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The angular magnification of a simple microscope can be increased by increasing
the focal length of the lens.
the size of the object.
the aperture of the lens.
the power of the lens.

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Last updated date: 20th Jun 2024
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Answer
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Hint:The angular magnification depends on the angles subtended by the image and the object at the eye when each is at the least distance of distinct vision. The least distance of distinct vision is known to be $25{\text{cm}}$ for the human eye. So the angular magnification is found to be inversely proportional to the focal length of the lens.

Formulas used:
-The angular magnification of a simple microscope when the image is at infinity is given by, $m = \dfrac{D}{f}$ where $D$ is the least distance of distinct vision and $f$ is the focal length of the lens.
-The angular magnification of a simple microscope when the image is at a near point is given by, $m = 1 + \dfrac{D}{f}$ where $D$ is the least distance of distinct vision and $f$ is the focal length of the lens.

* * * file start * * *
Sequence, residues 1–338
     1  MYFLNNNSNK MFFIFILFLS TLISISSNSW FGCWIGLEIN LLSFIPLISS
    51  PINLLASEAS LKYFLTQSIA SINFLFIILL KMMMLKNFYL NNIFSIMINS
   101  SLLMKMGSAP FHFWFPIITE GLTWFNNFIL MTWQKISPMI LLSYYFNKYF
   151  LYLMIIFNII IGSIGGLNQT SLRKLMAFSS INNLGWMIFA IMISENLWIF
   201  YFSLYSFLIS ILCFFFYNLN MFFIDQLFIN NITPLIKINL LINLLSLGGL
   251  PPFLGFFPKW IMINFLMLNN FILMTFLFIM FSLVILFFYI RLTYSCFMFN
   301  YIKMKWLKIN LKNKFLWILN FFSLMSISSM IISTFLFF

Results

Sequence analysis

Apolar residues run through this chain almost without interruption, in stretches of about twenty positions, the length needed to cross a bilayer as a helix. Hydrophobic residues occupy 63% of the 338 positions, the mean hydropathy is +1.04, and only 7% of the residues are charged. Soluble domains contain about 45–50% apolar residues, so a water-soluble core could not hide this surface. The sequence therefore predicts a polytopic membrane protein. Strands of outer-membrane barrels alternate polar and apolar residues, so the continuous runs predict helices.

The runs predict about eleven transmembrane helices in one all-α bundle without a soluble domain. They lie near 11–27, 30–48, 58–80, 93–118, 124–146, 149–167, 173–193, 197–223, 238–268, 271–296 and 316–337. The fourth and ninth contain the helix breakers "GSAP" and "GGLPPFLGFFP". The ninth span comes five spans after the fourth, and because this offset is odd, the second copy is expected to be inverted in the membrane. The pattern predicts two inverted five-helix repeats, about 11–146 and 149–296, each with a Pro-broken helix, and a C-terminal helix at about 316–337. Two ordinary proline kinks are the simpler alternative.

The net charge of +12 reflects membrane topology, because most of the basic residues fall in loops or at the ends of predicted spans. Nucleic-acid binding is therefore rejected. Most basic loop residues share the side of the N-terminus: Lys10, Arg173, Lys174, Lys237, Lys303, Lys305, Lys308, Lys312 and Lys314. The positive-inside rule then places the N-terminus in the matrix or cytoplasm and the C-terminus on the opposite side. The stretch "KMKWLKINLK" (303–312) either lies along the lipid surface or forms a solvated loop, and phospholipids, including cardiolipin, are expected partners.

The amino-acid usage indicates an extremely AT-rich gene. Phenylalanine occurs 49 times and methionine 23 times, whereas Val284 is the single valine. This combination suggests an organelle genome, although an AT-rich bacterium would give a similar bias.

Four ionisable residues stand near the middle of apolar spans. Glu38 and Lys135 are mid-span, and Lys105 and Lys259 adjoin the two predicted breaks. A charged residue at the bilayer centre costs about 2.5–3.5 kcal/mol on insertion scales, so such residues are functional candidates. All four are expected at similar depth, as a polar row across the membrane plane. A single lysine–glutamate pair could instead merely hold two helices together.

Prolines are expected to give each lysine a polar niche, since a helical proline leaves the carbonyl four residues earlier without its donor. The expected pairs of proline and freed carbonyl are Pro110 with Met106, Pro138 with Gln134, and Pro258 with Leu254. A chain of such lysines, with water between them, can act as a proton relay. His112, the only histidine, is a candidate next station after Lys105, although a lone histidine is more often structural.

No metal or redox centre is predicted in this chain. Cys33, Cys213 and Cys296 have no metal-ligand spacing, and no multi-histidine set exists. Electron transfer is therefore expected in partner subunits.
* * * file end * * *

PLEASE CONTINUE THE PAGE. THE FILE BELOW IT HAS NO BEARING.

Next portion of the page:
-The power of the lens is given by, $P = \dfrac{1}{f}$ where $f$ is the focal length of the lens.

Complete step by step answer.
Step 1: Express the relations between the angular magnification and the focal length of the lens.
When the image is at infinity, we have the angular magnification as $m = \dfrac{D}{f}$ --------- (1)
where $D$ is the least distance of distinct vision and $f$ is the focal length of the lens.
Also when the image is at a near point, we have $m = 1 + \dfrac{D}{f}$ --------- (2).
Equations (1) and (2) implies that $m \propto \dfrac{1}{f}$ .
As the power of the lens is expressed as $P = \dfrac{1}{f}$ , we can conclude that an increase in the power of the lens will increase its angular magnification.

So the correct option is D.

Note:A simple microscope makes use of a converging lens to magnify objects. Increasing the aperture of the lens will result in a corresponding increase in the radius of curvature of the lens. As the radius of curvature of the lens is $R = 2f$ , increasing the aperture will increase the focal length as well. From equations (1) and (2) it is clear that the size of the object has no contribution to the angular magnification of the lens. So an increase in the size would not be effective.